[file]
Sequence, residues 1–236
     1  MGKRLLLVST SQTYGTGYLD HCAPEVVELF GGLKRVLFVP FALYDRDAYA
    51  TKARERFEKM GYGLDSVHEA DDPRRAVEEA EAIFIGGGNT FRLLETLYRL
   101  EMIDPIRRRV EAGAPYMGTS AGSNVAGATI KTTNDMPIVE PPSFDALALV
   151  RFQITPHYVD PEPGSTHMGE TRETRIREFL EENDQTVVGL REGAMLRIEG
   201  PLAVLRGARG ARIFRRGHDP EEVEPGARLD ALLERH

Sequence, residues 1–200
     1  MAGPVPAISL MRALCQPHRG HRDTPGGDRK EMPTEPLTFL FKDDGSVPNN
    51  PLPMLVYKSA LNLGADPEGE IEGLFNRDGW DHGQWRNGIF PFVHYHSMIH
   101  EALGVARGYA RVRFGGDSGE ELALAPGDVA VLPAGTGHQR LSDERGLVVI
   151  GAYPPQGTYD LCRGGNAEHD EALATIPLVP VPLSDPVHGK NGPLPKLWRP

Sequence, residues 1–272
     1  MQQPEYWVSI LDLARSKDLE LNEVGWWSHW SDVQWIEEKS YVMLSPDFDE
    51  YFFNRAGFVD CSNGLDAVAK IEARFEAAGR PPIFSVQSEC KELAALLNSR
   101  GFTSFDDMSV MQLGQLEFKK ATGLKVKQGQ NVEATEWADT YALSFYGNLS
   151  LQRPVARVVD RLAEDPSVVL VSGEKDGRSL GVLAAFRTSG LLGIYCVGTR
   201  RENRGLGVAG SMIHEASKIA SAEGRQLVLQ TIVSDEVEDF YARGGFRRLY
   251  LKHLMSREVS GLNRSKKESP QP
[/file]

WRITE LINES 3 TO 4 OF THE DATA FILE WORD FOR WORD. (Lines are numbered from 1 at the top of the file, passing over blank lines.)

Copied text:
    51  TKARERFEKM GYGLDSVHEA DDPRRAVEEA EAIFIGGGNT FRLLETLYRL
   101  EMIDPIRRRV EAGAPYMGTS AGSNVAGATI KTTNDMPIVE PPSFDALALV